While brands rush to social media platforms to connect with their consumers, it’s imperative that brands understand how each platform is used in order to effectively deliver engaging content.
Social platforms are personal environments where brands can find themselves sitting snuggly alongside your best friend’s wedding photos. The formats in these spaces tend to be native to the environment, so rather than shoehorning in existing creative, mimicking the natural usage is most effective. These platforms offer the chance to tailor messaging; for both the audience and the given context. Like all good opportunities, brands would be foolish to not make the most of it.
So how can you easily create ’thumb stopping content?’
Understand what brings a user to a platform, and how they use it
It’s these intricate differences that will impact what content works for each environment.
For example, we know that around 80% of Facebook videos are watched with no sound, whereas on Snapchat 70% of videos are watched with the sound on. So why would you serve the same video in both spaces?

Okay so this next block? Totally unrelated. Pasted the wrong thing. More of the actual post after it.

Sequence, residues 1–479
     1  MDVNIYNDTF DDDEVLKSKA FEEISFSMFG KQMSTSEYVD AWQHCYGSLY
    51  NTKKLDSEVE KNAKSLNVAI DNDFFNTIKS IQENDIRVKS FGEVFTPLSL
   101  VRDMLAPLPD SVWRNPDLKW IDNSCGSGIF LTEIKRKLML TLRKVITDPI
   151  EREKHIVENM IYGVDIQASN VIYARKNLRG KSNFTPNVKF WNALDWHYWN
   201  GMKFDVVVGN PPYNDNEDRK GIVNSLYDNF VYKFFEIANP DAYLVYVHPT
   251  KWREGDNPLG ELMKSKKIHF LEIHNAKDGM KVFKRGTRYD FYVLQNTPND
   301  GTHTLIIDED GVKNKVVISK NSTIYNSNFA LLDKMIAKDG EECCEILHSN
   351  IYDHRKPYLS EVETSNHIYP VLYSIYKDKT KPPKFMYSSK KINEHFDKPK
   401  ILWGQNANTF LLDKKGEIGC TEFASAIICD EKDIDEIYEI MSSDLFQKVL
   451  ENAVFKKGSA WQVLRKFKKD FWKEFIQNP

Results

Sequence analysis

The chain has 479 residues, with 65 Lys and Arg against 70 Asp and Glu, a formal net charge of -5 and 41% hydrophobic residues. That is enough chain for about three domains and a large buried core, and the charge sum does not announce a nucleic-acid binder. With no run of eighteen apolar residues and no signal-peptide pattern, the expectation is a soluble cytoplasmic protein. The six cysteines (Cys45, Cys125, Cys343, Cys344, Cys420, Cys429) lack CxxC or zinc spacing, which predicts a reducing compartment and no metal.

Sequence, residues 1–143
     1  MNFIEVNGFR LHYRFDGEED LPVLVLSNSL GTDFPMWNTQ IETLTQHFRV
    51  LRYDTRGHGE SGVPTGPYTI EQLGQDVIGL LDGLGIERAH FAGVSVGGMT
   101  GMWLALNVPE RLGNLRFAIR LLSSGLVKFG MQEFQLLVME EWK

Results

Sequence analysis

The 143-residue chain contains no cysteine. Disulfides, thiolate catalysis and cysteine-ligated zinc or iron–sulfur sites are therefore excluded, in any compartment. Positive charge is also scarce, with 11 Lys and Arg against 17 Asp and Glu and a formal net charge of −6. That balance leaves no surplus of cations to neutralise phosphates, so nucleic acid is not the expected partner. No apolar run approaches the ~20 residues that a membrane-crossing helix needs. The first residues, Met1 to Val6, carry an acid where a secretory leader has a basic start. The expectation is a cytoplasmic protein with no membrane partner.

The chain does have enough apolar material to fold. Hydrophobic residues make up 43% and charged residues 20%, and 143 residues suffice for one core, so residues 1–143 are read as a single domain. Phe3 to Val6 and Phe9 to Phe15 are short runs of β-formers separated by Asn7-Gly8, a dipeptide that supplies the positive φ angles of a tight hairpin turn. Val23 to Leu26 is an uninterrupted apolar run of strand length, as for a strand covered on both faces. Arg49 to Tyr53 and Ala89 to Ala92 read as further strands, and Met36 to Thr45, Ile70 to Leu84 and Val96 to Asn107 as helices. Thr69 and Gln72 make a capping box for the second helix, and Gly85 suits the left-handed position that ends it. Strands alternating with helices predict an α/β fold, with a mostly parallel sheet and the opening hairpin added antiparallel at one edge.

On Pinterest people are looking for inspiration – if you use beautiful creative, it will cut through to those you’re targeting, and you’ll also benefit from downstream engagements off the back of user re-pins. Or if you look at Instagram Stories you don’t need glossy brand imagery, you need vertical video that connects the viewer to the brand.
Understand your brand and your strengths
Is it a famous face, engaging mascot, reams of content or a unique sound? Reviewing your assets through the lens of each social platform will allow you to think about small amends that need to be made to ensure engagement. Can Facebook’s GIF format be used to add frequency to a 30” video with its short, but fun content?
Understand the data
Social platforms benefit from huge amounts of data to build different audiences. All audiences are not created equally, and it is likely that different aspects of your brand will resonate with different audiences.
As social channels continue to emerge and develop, advertisers should stay updated with emerging channels and what new opportunities they offer. But more importantly, advertisers must explore why and how people are using these platforms. Only when we understand the motivations behind each media moment can we stop the scroll.